Well, I just got cable TV back today, in time for the Tigers-White Sox game. There’s some new faces on the team, but some of the old ones are still there too.

I was surprised and disappointed to see Alex Avila is no longer with the Tigers and is now playing for the White Sox. I found myself rooting for him whenever he stepped up to bat and I wasn’t the only one. Near the end of the game, the camera caught a kid wearing an Avila Tiger jersey. Yeah, we remember you, dude.

It looks like Ausmus still has the top three sluggers in the same order. First Miquel Cabrera bats, followed by Victor Martinez, followed by J.D. Martinez. I have seen that order function very well in the past and I reckon it still functions well.

The Tigers are currently in second place. In order to catch up to Cleveland, the Tigers need to win more games than they lose, and hope Cleveland doesn’t win too many more. Cleveland is leading by four. It looks like a hard, unlikely feat, but just maybe the Tigers can do it.

Tonight’s game was a little tense. The White Sox were ahead for most of the game. but in the bottom of the eighth, Jarrod Saltalamacchia hit a home run, scoring two runs for the Tigers. That put the Tigers ahead of the White Sox, finally.

The White Sox did not score in the ninth and the Tigers won, 4-3.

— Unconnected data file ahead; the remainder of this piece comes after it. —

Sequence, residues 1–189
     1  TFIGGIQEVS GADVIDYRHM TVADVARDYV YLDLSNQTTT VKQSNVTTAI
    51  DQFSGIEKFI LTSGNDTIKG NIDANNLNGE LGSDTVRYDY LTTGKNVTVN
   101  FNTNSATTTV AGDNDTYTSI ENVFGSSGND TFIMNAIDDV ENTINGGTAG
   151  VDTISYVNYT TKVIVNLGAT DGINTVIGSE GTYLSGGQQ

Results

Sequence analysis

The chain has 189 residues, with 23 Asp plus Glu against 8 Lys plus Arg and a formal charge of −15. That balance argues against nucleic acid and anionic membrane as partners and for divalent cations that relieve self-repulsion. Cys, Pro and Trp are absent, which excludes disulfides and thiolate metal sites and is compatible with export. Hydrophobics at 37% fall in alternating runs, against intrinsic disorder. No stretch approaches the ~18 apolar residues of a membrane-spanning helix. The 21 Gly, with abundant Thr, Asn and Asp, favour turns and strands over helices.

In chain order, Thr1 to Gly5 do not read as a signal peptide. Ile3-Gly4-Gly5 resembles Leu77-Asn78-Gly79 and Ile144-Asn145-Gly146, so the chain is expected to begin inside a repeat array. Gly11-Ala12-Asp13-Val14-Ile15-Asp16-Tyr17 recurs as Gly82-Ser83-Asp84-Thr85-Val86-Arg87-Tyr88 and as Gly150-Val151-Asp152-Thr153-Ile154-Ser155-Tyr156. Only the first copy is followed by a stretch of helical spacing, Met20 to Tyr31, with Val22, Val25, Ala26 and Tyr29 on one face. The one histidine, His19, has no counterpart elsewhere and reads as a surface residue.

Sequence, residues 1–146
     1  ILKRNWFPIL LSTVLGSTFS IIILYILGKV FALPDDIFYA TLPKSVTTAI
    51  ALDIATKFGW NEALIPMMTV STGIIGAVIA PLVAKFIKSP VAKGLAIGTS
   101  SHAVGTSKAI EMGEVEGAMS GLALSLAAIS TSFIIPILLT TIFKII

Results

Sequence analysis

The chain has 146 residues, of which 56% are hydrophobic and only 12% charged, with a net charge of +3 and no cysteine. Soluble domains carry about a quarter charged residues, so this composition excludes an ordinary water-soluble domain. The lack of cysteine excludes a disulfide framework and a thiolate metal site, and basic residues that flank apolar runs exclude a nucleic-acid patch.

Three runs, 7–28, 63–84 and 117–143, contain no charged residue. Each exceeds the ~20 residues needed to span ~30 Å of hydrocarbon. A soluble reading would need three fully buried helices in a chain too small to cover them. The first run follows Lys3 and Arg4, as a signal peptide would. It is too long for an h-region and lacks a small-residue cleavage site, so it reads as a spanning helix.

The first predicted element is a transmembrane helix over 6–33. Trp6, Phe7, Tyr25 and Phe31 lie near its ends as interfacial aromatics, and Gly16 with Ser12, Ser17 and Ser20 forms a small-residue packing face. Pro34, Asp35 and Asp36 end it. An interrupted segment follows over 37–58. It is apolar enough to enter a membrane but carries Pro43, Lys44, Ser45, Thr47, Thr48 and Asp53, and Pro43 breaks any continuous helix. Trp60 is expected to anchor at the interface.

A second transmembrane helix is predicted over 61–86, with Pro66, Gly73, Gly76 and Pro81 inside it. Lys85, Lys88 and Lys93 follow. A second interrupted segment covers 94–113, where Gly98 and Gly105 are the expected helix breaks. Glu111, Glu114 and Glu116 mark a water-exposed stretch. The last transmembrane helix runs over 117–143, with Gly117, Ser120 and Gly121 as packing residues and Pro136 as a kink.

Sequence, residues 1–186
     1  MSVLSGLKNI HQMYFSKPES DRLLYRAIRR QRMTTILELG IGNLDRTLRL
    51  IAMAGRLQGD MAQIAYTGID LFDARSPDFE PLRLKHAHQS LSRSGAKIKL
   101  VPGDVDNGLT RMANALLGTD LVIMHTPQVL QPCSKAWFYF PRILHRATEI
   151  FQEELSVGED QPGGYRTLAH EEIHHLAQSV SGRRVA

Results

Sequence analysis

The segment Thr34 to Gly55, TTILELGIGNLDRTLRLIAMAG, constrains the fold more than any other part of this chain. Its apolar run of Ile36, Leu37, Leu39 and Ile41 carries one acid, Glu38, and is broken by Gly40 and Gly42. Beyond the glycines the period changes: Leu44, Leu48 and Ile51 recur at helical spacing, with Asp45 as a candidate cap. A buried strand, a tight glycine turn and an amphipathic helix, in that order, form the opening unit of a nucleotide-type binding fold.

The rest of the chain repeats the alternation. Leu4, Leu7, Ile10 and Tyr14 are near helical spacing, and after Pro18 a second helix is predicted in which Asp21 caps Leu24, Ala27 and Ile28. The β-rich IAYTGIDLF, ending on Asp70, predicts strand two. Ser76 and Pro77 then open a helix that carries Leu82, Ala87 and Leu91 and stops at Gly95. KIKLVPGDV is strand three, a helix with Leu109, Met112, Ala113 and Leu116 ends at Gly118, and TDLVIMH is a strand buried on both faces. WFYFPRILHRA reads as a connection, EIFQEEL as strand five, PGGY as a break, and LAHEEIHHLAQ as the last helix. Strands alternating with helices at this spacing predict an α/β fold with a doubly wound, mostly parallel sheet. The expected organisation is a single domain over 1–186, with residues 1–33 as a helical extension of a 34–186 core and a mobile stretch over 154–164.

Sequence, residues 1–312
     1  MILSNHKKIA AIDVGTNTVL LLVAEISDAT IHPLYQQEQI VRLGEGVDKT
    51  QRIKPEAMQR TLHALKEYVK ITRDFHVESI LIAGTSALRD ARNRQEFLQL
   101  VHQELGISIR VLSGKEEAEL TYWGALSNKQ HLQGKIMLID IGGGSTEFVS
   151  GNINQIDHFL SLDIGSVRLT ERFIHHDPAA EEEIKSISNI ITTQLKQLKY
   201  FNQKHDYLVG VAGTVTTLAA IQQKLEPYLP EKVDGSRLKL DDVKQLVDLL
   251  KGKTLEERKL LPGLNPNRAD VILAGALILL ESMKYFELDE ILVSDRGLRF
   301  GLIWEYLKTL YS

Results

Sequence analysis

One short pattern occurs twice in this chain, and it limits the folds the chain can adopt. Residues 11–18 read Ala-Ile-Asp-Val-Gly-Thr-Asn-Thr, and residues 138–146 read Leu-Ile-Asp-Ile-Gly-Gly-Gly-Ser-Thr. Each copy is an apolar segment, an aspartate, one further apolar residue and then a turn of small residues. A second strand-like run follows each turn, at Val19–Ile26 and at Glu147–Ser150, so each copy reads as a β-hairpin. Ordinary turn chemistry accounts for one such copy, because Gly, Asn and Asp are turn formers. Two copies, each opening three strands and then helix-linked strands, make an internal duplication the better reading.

Thank you, Jarrod Saltalamacchia.

An Interview with W.P. Kinsella

W.P. Kinsella is the author of Shoeless Joe, the novel that the 1989 movie Field of Dreams is based on. He has written several other novels and short stories, many of them having to do with baseball, First Nations people and magic. “The Essential W.P. Kinsella” was released from Tachyon Publications in March and contains some of Kinsella’s best stories, including the short story Shoeless Joe Jackson Comes to Iowa, which was the seed for the novel Shoeless Joe.

Kinsella celebrated his 80th birthday on the 25th of May.

 

Interview conducted February 22, 2015.

Rob Darnell: Much of your work has to do with baseball. Do you closely follow the sport? What teams do you root for?

W.P. Kinsella: Not anymore. Loosely follow the Blue Jays. After the strike, I lost interest. In reality, neither players nor owners care in the least about the fans. The greed of both factions has destroyed baseball’s credibility, at least for the present.

RD: Are there any MLB players at all that you feel are not caught up in the greed?

WPK: As long as they are forced to belong to the Players Union, no. My hero will be the guy who tells the Union to get lost.

RD: MLB politics aside, do you still agree that the game is beautiful?

WPK: Yes.

RD: Are there college, minor league or independent teams that you pay any attention to?

WPK: No. Have never been a minor league fan.

RD: Did you play baseball when you were a kid? If you did, what positions did you prefer to play? And how well did you hit?

WPK: No. Played a little softball, but there was nowhere on the field it was safe for me to be.

RD: When did your interest in baseball start and what sparked the interest? What inspired you to mix baseball and magic together?